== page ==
Burns says it’s time to rethink the definition of potential, basing it instead on experience, skills, and learning velocity (how quickly someone can acquire new skills). Being guided by this assessment means the routes by which talent rises through an organisation can be more diverse and include all employees.

At M&C Saatchi Group, an initiative called “Open House” effectively saw the business up-end their recruitment process in order to make the organisation more accessible to people of diverse backgrounds. Rather than selecting a shortlist from thousands of applicants to enter their training programme, the company put the training programme online and signed up thousands of participants. Outreach work helped to boost diversity further (35% ethnic minority participants, 40% from outside London) and included reaching people going through career transitions and those returning to the workplace. On completion, participants received a certificate of achievement and the chance to apply to the company.

Along the way, some of M&C Saatchi Group’s senior staff who delivered the training were able to “talent spot” and offer diverse routes and opportunities where they found appropriate candidates. The company’s Talent Manager, Zoe Miller, also notes than even the follow-up application process was made as easy and unbiased as possible. “We did it CV blind, with no name, no education details or anything else,” she says. “We just asked them to answer one question, ‘What can you uniquely bring to the business?’”

The company also ensured everyone concerned with selection went through unconscious bias training. Miller explains that very often the scheme doesn’t just identify newcomers to the industry, but also helps those in other industries to realise transferable skills or opportunities to upskill and take on a new role in advertising.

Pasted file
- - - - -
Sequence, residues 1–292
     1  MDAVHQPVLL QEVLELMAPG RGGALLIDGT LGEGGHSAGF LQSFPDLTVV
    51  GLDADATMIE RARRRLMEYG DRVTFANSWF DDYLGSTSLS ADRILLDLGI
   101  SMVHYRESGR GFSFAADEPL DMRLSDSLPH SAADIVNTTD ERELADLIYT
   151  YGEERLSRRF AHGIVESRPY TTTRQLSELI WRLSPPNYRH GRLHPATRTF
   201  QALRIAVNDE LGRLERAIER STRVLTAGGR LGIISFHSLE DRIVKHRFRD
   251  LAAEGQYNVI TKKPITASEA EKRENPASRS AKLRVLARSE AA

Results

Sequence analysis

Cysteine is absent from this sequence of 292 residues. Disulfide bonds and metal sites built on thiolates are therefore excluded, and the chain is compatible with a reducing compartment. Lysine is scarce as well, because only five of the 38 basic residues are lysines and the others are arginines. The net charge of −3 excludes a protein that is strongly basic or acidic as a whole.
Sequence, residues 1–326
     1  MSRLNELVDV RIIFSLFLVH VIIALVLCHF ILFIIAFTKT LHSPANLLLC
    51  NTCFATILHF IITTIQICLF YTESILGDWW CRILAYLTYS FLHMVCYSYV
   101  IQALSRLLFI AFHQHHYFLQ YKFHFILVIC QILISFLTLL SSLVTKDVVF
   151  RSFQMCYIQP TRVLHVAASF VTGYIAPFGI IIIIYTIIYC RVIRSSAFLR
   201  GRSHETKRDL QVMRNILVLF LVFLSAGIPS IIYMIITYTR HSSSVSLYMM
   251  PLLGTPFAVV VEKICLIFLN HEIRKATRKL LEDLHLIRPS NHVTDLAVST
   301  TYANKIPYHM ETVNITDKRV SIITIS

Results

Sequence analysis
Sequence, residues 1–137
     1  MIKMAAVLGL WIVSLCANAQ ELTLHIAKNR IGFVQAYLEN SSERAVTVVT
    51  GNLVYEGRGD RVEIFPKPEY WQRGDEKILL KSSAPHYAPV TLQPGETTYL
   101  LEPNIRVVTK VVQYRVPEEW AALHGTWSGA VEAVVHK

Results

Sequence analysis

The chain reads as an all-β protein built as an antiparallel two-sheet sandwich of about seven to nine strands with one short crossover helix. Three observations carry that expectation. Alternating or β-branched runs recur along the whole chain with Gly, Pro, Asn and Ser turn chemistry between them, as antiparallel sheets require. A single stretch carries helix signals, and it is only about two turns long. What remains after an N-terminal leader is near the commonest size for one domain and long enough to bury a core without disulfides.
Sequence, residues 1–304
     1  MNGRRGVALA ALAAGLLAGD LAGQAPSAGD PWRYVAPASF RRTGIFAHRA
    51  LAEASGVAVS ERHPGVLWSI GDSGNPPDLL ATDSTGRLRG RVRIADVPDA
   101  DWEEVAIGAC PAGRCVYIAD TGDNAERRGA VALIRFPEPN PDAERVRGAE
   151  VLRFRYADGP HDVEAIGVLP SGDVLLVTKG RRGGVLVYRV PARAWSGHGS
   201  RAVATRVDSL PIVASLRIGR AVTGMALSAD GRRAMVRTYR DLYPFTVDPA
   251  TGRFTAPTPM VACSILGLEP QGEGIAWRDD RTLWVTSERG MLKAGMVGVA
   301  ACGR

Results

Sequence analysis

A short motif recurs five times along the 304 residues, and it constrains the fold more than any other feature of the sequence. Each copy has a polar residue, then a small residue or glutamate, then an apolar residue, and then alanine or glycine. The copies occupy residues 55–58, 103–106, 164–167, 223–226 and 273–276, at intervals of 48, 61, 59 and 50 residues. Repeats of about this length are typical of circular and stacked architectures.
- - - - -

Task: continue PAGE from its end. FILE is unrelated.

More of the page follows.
The company also takes part in a number of industry-wide initiatives including an annual “Open Doors” event where companies literally welcome anyone in to see what working in the industry means and whether there’s a role for them. There are also further initiatives to promote gender equity in the industry which involve mentorships and partnerships with other related organisations.

“The common thread, whether it’s speaking in school or doing something with multiple other partners, is that it’s all about opening up awareness of the industry and therefore diversifying the entrants,” says Dickinson-Keen. “We want real representation, and we want to hear different people’s voices. We actually have the phrase here that it is a creative necessity.”

The results of such efforts are not measured financially but rather in client satisfaction. An effective campaign is appreciated by everyone. More rewarding still, there is a trend among clients to positively seek out diverse teams to work with whenever they have an advertising need—a clear sign that an impact is being made.

Tags: Diversity & Inclusion